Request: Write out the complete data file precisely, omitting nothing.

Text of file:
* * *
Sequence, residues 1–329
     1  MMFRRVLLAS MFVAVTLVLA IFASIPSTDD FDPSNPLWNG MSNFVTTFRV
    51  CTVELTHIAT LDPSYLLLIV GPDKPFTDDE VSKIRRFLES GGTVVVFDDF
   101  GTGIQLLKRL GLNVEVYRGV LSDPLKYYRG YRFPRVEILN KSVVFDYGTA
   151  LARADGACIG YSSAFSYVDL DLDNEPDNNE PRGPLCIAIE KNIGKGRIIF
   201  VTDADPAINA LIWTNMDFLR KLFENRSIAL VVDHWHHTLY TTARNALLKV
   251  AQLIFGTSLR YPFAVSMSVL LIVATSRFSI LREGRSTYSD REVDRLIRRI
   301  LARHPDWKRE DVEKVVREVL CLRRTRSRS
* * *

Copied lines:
Sequence, residues 1–329
     1  MMFRRVLLAS MFVAVTLVLA IFASIPSTDD FDPSNPLWNG MSNFVTTFRV
    51  CTVELTHIAT LDPSYLLLIV GPDKPFTDDE VSKIRRFLES GGTVVVFDDF
   101  GTGIQLLKRL GLNVEVYRGV LSDPLKYYRG YRFPRVEILN KSVVFDYGTA
   151  LARADGACIG YSSAFSYVDL DLDNEPDNNE PRGPLCIAIE KNIGKGRIIF
   201  VTDADPAINA LIWTNMDFLR KLFENRSIAL VVDHWHHTLY TTARNALLKV
   251  AQLIFGTSLR YPFAVSMSVL LIVATSRFSI LREGRSTYSD REVDRLIRRI
   301  LARHPDWKRE DVEKVVREVL CLRRTRSRS